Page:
Elliptic coordinate system

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Not to be confused with Ecliptic coordinate system.
Elliptic coordinate system

In geometry, the elliptic(al) coordinate system is a two-dimensional orthogonal coordinate system in which the coordinate lines are confocal ellipses and hyperbolae. The two foci and are generally taken to be fixed at and , respectively, on the -axis of the Cartesian coordinate system.

Basic definition[edit]

The most common definition of elliptic coordinates is

where is a nonnegative real number and

On the complex plane, an equivalent relationship is

These definitions correspond to ellipses and hyperbolae. The trigonometric identity

shows that curves of constant form ellipses, whereas the hyperbolic trigonometric identity

shows that curves of constant form hyperbolae.

Scale factors[edit]

In an orthogonal coordinate system the lengths of the basis vectors are known as scale factors. The scale factors for the elliptic coordinates are equal to

Using the double argument identities for hyperbolic functions and trigonometric functions, the scale factors can be equivalently expressed as

Consequently, an infinitesimal element of area equals

and the Laplacian reads

Other differential operators such as and can be expressed in the coordinates by substituting the scale factors into the general formulae found in orthogonal coordinates.

Alternative definition[edit]

An alternative and geometrically intuitive set of elliptic coordinates are sometimes used, where and . Hence, the curves of constant are ellipses, whereas the curves of constant are hyperbolae. The coordinate must belong to the interval [-1, 1], whereas the coordinate must be greater than or equal to one.

The coordinates have a simple relation to the distances to the foci and . For any point in the plane, the sum of its distances to the foci equals , whereas their difference equals . Thus, the distance to is , whereas the distance to is . (Recall that and are located at and , respectively.)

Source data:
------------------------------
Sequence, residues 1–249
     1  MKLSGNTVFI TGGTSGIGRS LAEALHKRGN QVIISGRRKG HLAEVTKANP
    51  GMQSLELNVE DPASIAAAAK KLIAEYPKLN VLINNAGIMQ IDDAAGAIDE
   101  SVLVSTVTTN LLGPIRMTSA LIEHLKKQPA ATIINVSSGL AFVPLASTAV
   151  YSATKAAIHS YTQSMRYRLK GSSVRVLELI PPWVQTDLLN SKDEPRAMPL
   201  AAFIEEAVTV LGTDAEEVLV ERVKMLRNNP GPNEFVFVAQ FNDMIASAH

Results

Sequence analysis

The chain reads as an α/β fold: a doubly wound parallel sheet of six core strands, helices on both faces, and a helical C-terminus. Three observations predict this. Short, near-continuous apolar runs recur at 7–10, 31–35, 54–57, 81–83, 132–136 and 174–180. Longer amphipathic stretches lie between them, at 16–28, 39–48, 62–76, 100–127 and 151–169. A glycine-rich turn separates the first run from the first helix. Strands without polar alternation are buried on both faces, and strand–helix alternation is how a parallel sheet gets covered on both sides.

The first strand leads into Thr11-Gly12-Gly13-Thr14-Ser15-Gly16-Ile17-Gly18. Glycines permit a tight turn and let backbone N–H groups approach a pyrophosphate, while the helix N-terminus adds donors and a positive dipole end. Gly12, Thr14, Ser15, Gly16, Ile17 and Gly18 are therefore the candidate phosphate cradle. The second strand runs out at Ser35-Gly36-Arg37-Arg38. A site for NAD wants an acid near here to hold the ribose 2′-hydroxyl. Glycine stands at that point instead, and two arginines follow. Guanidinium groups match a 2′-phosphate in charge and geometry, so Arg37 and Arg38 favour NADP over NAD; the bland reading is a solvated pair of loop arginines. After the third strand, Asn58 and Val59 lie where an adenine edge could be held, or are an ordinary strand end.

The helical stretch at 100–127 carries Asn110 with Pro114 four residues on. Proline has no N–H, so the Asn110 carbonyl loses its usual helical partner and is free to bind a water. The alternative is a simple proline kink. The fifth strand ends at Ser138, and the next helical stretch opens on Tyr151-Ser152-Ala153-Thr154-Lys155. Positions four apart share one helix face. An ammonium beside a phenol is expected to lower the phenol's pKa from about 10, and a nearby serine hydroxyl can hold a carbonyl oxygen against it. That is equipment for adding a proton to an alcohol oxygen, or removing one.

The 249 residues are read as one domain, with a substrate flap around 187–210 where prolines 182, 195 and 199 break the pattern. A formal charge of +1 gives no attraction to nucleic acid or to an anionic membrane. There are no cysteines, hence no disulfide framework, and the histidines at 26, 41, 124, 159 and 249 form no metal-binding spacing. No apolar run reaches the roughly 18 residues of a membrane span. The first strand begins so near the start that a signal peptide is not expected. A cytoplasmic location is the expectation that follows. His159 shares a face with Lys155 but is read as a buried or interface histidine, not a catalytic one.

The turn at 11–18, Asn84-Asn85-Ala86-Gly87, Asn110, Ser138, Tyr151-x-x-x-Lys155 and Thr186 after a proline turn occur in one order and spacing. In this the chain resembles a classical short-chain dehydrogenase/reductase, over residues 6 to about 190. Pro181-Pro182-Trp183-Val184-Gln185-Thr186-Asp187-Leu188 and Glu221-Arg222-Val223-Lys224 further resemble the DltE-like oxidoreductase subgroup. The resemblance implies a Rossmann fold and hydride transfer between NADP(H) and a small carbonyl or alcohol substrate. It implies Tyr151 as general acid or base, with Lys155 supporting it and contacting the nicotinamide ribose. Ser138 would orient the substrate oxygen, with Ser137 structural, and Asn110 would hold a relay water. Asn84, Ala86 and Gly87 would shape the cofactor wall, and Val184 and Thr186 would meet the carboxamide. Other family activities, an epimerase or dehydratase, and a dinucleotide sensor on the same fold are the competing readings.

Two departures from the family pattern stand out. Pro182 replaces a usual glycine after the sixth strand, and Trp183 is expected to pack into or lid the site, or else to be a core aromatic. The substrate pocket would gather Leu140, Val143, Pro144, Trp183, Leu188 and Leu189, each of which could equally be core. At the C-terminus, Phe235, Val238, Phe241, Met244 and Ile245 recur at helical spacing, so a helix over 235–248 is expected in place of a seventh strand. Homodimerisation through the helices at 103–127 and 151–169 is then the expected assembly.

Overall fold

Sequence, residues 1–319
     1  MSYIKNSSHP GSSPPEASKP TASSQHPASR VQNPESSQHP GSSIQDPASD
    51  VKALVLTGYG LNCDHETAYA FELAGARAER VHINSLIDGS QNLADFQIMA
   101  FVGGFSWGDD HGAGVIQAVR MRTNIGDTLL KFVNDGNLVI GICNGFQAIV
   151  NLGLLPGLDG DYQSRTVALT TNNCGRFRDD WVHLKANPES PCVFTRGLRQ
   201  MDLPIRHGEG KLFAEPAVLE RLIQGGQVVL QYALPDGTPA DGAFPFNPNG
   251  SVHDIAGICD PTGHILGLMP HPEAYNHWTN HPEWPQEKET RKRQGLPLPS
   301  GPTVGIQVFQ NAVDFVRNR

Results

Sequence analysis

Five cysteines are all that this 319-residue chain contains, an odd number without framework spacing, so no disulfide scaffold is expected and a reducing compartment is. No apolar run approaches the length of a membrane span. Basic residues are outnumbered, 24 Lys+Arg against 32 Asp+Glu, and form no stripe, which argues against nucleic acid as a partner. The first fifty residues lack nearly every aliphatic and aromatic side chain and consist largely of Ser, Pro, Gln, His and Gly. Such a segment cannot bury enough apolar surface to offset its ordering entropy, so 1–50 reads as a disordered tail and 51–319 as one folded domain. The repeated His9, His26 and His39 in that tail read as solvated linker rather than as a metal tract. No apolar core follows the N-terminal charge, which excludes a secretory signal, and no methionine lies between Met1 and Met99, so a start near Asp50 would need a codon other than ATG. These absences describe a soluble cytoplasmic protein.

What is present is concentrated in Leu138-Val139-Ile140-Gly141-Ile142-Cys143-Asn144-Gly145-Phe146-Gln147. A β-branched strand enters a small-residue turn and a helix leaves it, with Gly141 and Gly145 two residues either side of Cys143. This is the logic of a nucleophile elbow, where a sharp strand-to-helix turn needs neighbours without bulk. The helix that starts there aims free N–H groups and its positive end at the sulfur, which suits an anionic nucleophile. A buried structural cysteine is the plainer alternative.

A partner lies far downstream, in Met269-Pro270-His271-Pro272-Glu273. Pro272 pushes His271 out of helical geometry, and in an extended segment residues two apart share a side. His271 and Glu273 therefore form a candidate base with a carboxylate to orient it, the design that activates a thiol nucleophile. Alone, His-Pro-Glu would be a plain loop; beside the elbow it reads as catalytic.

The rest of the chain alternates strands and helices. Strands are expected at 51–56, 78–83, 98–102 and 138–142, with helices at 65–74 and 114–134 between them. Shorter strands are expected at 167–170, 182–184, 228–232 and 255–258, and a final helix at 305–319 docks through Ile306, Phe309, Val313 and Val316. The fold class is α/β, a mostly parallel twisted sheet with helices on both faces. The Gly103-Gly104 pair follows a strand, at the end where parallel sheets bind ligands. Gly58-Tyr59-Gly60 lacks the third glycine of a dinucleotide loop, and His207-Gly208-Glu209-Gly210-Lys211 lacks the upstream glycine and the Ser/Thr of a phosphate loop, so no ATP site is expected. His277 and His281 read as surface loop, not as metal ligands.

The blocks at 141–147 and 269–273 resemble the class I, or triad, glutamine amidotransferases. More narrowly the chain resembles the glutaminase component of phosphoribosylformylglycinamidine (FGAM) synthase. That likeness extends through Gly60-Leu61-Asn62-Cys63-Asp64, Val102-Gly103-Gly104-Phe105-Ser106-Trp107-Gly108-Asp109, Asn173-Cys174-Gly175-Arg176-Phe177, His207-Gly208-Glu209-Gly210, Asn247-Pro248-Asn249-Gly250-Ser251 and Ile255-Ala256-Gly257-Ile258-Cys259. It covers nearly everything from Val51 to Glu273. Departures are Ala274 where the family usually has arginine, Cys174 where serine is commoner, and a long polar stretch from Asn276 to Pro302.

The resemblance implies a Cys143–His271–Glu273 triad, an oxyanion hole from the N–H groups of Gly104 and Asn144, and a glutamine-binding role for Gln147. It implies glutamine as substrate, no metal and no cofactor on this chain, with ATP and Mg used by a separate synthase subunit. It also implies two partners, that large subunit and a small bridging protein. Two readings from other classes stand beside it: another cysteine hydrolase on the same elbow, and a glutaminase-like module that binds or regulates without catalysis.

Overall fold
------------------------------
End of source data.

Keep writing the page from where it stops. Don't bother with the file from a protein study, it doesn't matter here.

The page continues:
A drawback of these coordinates is that the points with Cartesian coordinates (x,y) and (x,-y) have the same coordinates , so the conversion to Cartesian coordinates is not a function, but a multifunction.

Alternative scale factors[edit]

The scale factors for the alternative elliptic coordinates are

Hence, the infinitesimal area element becomes

and the Laplacian equals

Other differential operators such as and can be expressed in the coordinates by substituting the scale factors into the general formulae found in orthogonal coordinates.

Extrapolation to higher dimensions[edit]

Elliptic coordinates form the basis for several sets of three-dimensional orthogonal coordinates. The elliptic cylindrical coordinates are produced by projecting in the -direction. The prolate spheroidal coordinates are produced by rotating the elliptic coordinates about the -axis, i.e., the axis connecting the foci, whereas the oblate spheroidal coordinates are produced by rotating the elliptic coordinates about the -axis, i.e., the axis separating the foci.

Applications[edit]

The classic applications of elliptic coordinates are in solving partial differential equations, e.g., Laplace's equation or the Helmholtz equation, for which elliptic coordinates are a natural description of a system thus allowing a separation of variables in the partial differential equations. Some traditional examples are solving systems such as electrons orbiting a molecule or planetary orbits that have an elliptical shape.

The geometric properties of elliptic coordinates can also be useful. A typical example might involve an integration over all pairs of vectors and that sum to a fixed vector , where the integrand was a function of the vector lengths and . (In such a case, one would position between the two foci and aligned with the -axis, i.e., .) For concreteness, , and could represent the momenta of a particle and its decomposition products, respectively, and the integrand might involve the kinetic energies of the products (which are proportional to the squared lengths of the momenta).

See also[edit]

References[edit]